Saturday morning is my favourite time to go to food market in Menton.
It's the one day of the week when the market swells with local producers who bring their delicious, fresh products from the countryside to town to sell to appreciative customers like me. It's also cheaper than my regular market in Monaco and always a great opportunity to people watch.
|A typical crowded Saturday in the Menton market|
On Saturdays the market closes at 1:00 so if you arrive after 10:00, the crowds are thick and the side walks are narrow so you get pushed and shoved, squished, and elbowed like a bargain hunter on Black Friday. And believe me, older French women take no prisoners when it comes to scooping up the last handful of spinach or bunch of carrots even if its not their turn.
Today, one of the Poissonnerie (fish and seafood specialist) was selling oysters and sea urchins for the first time this season so his stand was 3 deep with customers for most of the morning. I squeezed on by, thinking I'd wait until the crowd thinned.
|The line up to buy sea urchins|
After I'd finished my shopping, I looped back and saw that there was a lull in the crowd so I scooted over for a closer look and to take some photos. I'm a vegetarian, so for me seafood is purely a curiosity and photo opp.
It didn't disappoint. To me, sea urchins seem like the artichokes of the seafood world, their nasty spikes guarding their luscious interiors. Unless you understand how to prepare them, you avoid them.
While I was taking photos, head down, I heard a young boy behind me in the crowd asking the Poissonnier in perfect French, "would it be at all possible to have a demonstration of how to open them?" What an enlightened child, I thought, me snapping and clicking away, eyes down. And what a great chance for me to get some interesting photos.
I kept my attention on the poissonnier's voice and hands as he deftly grabbed a spiky urchin in his palm, and ignoring the sharp spikes, cut it in half through the middle with heavy metal scissors. As he progressed through each step of the process, he described his technique to the young boy who had moved closer to the front of the little crowd that had gathered behind us and now stood right beside me.
When the Poissonnier had finished opening the sea urchin, he put down his scissors, shook the sea water out of both halves and pulled out a spoon. He scooped out some of the orange paste from the inside and held the spoon out to the boy.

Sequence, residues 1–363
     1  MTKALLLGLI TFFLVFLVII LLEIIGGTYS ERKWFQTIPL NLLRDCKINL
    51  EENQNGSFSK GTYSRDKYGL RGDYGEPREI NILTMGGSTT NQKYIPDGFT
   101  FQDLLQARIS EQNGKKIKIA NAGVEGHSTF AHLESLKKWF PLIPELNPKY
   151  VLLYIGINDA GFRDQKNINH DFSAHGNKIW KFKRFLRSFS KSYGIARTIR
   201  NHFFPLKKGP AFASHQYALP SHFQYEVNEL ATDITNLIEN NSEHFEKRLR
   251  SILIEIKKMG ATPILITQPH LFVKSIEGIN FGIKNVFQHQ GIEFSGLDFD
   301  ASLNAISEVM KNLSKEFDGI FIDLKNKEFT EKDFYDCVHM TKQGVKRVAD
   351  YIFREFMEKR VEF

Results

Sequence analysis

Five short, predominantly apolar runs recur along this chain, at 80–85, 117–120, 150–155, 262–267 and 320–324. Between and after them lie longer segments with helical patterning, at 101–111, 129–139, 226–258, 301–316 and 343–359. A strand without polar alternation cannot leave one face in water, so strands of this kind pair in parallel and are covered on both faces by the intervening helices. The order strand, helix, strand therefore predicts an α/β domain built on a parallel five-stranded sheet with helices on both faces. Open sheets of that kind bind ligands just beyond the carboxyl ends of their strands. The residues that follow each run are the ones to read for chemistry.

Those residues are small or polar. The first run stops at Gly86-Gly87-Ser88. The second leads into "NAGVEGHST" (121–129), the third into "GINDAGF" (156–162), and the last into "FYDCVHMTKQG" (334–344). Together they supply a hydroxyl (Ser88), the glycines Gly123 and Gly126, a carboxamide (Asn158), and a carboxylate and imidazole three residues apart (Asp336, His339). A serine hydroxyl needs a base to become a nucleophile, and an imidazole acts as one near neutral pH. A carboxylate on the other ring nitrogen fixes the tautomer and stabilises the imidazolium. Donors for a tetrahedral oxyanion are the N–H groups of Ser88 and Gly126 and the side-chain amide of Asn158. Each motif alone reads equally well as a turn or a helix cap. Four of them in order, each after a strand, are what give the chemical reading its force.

I turned to see the boy's reaction to the moment of truth and it was then I recognized him. He was the young son of a dear friend of mine. With this distraction, another member of the audience shot out his hand so he was the lucky one who got to sample the sea urchin.
With that, the show had drawn to a close so we went off in search of his mum. En route we chatted and I got the rest of the story. It seems he was trying to convince his mum to buy him some sea urchins and wanted to gather a bit of knowledge so he could prepare them himself. I felt obliged to champion his cause.
What I loved about this tableau was that my friend's son is barely 10 years old. I think he showed considerable culinary maturity to want to try something as unusual and singular as sea urchin. They aren't the prettiest of things to eat, an acquired taste I've been told. It made me wonder if adventurous taste in children can be nurtured or it's more nature?
I think with my friend's son it was nature. His mum tells me he's always been open to trying new things.
The boy his mum and I retreated to a nearby café for tea. Nurture, nature and adventurous palates aside, he was still a 10 year old boy so in between sips of his hot chocolate he announced that although he was keen on trying sea urchins, he hated foie gras. Ah youth...